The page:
We offer a number of accessibility resources to provide a full experience for museum visitors of all ages and abilities. While we can’t guarantee all accommodations, we will try our best to fulfill your request. If you have any questions about accommodations beyond those listed below, please email our Public Engagement and Learning department at email@example.com.
Parking & Transportation
The museum’s 120-space parking ramp is open 24/7 and includes five designated disability parking spaces in close proximity to the museum elevator.
Metered street parking is available on East River Road. Additional parking is available in the nearby East River Ramp with stair-free access to the museum entrance level through Coffman Union. Parking is free for up to three hours if a state disability permit or license plate is properly displayed. You can get maps for disability parking spaces and get estimated walk times from select locations on campus.
Metro Mobility and similar transportation services are instructed to drop off and pick up passengers by the museum entrance on East River Parkway. Push button activated doors provide visitors entrance to Level A and the elevator to Level 1 ( galleries and gender neutral accessible bathroom) or Level 2 (administration offices and accessible gendered bathrooms).
Bus and light rail service with disability-reserved seating is available in close proximity to the of the museum along Washington Avenue and Pleasant Street.
Program registration provides space to request accessibility services. Most programs are provided in a variety of formats such as recordings, printed out materials, or materials that can be sent in advance (such as ppt presentations) and are promoted on our website and social media channels.
The Weisman is happy to provide printed materials in braille with at least two weeks notice. Please email firstname.lastname@example.org with requests. Building directional signs are in Braille. Accessibility information is available on our printed materials.
Strollers and Bags
Baby strollers are permitted in the galleries. Large bags and backpacks must be left at the Visitor Services desk.
All entrances, galleries and public areas are accessible to visitors who use mobility devices or prefer to avoid stairs. There are two wheelchairs available on a first-come, first-served basis at the Visitor Services desk. The museum, including all galleries, are ADA accessible. Wheelchair accessibility is factored into exhibit design, including case height and label placement. A handicap button for door access is available on parking level C.
Portable stools are available on a first-come-first serve basis, and can be used for seating within our galleries. If you need help locating a portable stool, a member of the visitor services team can help. Limited in-gallery seating is also available.
360 Virtual Tour
Download the Weisman Art Museum's social narrative. A social narrative is a tool intended to increase comfort and familiarity with the museum by providing photos, descriptions of museum spaces, and other tips to visitors before they visit us.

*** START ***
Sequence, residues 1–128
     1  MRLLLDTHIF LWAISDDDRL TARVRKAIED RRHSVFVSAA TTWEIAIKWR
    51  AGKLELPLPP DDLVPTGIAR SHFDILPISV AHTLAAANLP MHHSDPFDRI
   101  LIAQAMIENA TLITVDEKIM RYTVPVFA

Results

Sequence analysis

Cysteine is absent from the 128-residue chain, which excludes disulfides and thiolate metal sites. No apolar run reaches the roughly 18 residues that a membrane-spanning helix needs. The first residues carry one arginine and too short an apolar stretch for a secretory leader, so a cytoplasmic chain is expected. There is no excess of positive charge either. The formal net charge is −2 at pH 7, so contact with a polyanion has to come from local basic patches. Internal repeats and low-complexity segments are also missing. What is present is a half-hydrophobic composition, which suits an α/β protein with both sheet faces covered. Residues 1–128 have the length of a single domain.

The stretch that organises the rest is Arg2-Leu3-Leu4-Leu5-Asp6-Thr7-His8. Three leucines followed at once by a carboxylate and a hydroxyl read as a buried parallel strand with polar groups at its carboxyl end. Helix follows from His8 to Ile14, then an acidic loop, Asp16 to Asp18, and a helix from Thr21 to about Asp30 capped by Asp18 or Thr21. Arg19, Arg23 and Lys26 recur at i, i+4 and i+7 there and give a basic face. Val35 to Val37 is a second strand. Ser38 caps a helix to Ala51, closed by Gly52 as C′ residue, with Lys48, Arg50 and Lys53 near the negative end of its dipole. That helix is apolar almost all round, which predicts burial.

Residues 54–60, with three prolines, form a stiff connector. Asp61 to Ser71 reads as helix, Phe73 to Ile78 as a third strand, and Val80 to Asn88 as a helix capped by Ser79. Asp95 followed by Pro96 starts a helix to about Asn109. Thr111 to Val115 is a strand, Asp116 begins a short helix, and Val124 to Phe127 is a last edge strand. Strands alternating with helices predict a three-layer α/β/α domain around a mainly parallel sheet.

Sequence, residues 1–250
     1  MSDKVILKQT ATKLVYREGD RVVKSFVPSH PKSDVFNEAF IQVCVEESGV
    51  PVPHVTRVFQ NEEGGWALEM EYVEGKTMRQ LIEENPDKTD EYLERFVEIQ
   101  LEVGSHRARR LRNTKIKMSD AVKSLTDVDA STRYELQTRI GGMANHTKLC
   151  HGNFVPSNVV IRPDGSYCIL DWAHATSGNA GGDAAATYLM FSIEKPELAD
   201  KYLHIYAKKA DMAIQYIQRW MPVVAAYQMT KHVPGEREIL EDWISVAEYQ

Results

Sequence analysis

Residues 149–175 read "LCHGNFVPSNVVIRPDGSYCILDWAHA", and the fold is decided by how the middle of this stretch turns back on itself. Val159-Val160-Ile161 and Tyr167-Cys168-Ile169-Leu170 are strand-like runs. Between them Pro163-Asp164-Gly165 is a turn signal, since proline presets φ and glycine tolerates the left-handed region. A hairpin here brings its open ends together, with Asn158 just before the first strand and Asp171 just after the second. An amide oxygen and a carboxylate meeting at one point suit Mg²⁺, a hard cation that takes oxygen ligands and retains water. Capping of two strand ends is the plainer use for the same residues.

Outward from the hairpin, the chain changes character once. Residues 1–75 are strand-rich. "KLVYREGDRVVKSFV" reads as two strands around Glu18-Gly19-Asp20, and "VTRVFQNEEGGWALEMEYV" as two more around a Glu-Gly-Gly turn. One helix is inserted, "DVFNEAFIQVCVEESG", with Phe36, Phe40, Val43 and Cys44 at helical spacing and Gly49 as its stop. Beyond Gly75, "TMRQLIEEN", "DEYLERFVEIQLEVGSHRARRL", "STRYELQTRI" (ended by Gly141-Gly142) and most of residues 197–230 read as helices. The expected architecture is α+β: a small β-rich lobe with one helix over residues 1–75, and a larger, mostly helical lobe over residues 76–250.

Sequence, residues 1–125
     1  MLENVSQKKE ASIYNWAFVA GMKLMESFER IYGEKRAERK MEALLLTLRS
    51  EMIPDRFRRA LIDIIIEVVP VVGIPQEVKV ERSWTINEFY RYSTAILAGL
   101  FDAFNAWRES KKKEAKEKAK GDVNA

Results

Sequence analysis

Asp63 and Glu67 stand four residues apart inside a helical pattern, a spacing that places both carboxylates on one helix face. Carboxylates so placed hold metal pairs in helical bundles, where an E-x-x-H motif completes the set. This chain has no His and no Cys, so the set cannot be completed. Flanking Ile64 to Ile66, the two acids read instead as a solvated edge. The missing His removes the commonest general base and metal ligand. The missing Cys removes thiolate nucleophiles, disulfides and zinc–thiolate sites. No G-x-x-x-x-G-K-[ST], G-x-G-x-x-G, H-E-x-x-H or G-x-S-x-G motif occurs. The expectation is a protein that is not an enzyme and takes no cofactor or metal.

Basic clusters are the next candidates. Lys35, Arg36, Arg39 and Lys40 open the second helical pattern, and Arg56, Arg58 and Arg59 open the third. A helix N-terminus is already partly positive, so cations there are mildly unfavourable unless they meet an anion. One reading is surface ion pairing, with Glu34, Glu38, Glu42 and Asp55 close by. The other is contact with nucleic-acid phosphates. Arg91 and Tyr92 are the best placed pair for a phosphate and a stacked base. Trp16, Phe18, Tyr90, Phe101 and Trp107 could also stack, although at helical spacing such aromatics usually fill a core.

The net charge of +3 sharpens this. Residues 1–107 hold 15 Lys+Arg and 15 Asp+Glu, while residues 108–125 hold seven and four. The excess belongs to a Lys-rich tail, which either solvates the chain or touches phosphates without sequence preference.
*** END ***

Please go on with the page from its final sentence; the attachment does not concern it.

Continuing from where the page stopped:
Large print materials are available at the visitor services desk in both physical copy and by QR code for all permanent collection exhibitions and special exhibitions.
Closed Captioning, ASL, & Language Interpretation
We offer automatically generated closed-captions for all our virtual talks. To request American Sign Language (ASL) interpretation or CART captioning, let us know in advance by contacting email@example.com
Assistive Listening Devices
Assistive listening devices are available at the visitor services desk for group visits and tours.
Baby Changing Stations
There are baby changing stations located in all restrooms.
A fully accessible, single stall gender neutral restroom is available on the first floor behind the Visitor Services front desk. Fully accessible gendered restrooms are located on the second floor of the museum, and can be accessed by an elevator or stairs.
Sensory bags are available for check-out at the front desk and include: sunglasses, headphones, fidgets, and a visual timer. These tools can help meet sensory needs and promote positive regulation of the senses. Use sensory tools to enhance your focus or calm during a museum visit. Visitors of any age may find sensory tools useful. We have smaller headphones and larger headphones depending on what the individual needs.
WAM recognizes that invisible disabilities such as mental illness are common on campus and in the general population and that stress relief is one of the major reasons people cite for museum attendance. However, some depictions in artworks can be traumatizing depending on an individual or group's past experiences or current struggles. WAM reviews exhibit content with this in mind, and takes precautions to minimize negative emotional experiences such as placing potentially challenging works in areas that allow for content warnings prior to entering this space. WAM has also been proactive to feature exhibits that specifically address mental health so as to increase the conversation around this topic. WAM provides study nights and stress relief events for visitors in the gallery spaces.
The museum seeks to be accessible for all visitors. The University of Minnesota’s Disability Resource Center routinely reviews the museum to make sure that no barriers exist for visitors. Have feedback about how the museum can be more accessible? Please reach out to firstname.lastname@example.org